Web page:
My RV Waste Valve is Stuck Closed, Why, and How to Fix It?

Nothing can be quite as frustrating to a recreational vehicle owner as a stuck waste valve. If this valve is stuck or hard to open it not only makes dumping the vehicle’s tanks an intensive process, but it almost always signifies that repairs to the waste valve will need to be made in the near future.

While it is rare, your RV’s waste valve could be stuck because it is not seated correctly. If so, you are in luck, and you should be able to fix the problem with little effort and supplies. The proper processes for loosening a recreational vehicle’s stuck waste valve and for replacing a recreational vehicle’s waste valve are explored below.

In addition, common treatments and preventive maintenance procedures that can prevent a stuck valve from occurring in the future are also mentioned. Therefore, if you are currently having problems with your RV’s waste valve, or you are simply looking to prevent such problems from occurring, you should continue reading through the various sections below!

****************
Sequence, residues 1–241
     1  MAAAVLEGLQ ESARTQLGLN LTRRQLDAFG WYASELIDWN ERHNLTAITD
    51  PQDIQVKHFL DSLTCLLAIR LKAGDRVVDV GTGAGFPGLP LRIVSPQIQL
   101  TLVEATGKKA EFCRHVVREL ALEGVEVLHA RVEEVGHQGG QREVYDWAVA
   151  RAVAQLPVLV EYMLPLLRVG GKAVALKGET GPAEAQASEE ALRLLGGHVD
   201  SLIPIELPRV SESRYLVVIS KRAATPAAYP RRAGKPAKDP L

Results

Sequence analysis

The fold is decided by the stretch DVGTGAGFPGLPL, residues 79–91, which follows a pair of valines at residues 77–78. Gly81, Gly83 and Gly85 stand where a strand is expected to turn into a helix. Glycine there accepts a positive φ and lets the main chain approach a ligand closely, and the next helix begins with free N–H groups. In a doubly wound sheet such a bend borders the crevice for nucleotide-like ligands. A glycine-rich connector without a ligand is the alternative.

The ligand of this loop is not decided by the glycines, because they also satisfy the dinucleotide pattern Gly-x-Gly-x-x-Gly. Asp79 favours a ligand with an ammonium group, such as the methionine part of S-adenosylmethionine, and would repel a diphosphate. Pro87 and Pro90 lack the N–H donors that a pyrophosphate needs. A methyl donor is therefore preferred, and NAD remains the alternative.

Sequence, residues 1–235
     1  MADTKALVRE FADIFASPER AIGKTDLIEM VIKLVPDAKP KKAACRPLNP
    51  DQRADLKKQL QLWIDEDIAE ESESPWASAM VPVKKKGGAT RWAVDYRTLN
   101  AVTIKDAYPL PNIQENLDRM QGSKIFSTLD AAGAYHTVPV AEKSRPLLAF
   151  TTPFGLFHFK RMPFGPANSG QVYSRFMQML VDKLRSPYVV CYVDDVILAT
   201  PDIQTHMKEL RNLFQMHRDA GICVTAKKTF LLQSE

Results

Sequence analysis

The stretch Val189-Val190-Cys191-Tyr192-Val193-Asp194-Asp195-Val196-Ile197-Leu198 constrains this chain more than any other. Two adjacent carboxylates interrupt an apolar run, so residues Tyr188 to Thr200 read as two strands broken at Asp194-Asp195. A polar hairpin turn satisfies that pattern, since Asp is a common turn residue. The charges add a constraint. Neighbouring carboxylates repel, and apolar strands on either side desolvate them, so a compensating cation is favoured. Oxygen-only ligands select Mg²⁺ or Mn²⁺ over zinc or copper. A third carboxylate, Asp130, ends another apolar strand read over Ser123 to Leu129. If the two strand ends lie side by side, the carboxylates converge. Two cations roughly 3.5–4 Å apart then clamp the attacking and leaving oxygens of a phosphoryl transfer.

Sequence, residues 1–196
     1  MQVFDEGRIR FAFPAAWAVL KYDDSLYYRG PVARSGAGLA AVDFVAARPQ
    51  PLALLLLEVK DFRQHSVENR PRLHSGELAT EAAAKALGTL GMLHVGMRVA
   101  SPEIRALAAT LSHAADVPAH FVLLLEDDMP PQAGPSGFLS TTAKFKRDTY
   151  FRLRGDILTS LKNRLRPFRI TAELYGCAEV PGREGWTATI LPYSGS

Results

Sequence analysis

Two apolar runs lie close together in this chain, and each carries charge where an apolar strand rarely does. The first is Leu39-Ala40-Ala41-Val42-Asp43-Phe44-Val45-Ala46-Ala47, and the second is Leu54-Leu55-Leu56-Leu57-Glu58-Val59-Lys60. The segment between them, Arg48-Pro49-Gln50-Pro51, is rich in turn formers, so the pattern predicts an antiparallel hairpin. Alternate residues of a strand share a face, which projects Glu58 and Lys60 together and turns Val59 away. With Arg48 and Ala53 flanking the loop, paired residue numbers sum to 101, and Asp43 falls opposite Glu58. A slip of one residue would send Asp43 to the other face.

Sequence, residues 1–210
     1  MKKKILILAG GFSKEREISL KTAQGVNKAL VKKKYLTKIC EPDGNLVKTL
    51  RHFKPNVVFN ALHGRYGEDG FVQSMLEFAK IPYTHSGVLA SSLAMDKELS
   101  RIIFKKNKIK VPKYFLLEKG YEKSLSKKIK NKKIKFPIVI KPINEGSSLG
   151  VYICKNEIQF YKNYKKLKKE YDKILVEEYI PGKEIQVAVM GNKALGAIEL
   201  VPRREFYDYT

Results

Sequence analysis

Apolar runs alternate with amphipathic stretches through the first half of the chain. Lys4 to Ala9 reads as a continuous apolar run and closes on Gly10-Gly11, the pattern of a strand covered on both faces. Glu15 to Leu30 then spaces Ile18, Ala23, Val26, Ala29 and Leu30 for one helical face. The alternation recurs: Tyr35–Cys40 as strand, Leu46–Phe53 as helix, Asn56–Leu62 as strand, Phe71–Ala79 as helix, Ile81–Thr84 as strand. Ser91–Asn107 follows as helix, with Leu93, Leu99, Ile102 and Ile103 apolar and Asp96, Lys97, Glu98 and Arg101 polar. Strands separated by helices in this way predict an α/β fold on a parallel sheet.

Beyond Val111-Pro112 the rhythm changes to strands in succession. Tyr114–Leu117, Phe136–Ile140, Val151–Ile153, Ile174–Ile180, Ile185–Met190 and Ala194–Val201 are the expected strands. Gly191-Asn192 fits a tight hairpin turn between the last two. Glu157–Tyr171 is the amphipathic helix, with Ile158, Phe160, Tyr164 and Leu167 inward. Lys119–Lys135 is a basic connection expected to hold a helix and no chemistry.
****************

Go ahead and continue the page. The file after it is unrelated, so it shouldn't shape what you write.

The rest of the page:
How To Loosen a Stuck Waste Valve on Your RV

In general, when the waste valve on your RV begins to stick you should take this as a good indicator that you should replace the gate valve in the near future. You do not want to wait for the waste valve to break fully as this could land you in a messy situation. However, if you are in the middle of a road trip or simply need to open the valve to dump your tanks, you can attempt to loosen the waste valve using various methods.

The most common method to loosen a stuck waste valve involves taping the outer portion of the valve, around the circumference of where it is seated, with a hammer. You may be frustrated with the valve at this point, but you will want to keep your taps at moderate strength.

Once again, you do not want to break the waste valve as this can lead to your rv waste tank spilling all over the place. This will cause you to have to make repairs immediately and be quite the mess of sewer waste or grey tank mess.

If tapping the valve with a hammer does not work, there are several other at home tricks you may be able to implement to try and get the valve open. While it may sound strange, dumping a container of dish soap or RV drain valve lubricant into your black water tank and then driving the RV around may help loosen the stuck valve. Before you go to drive your RV around, you can also add a bag of ice to your vehicle’s black water tank to hopefully help distribute the dish soap or lubricant further.

This method may seem unorthodox, but as you drive your vehicle around the dish soap should be pushed all over the black water tank by the ice cubes. If the soap manages to reach the waste valve it could loosen the valve enough for it to open. If you can’t get your rv’s waste valve open, you will need to replace it.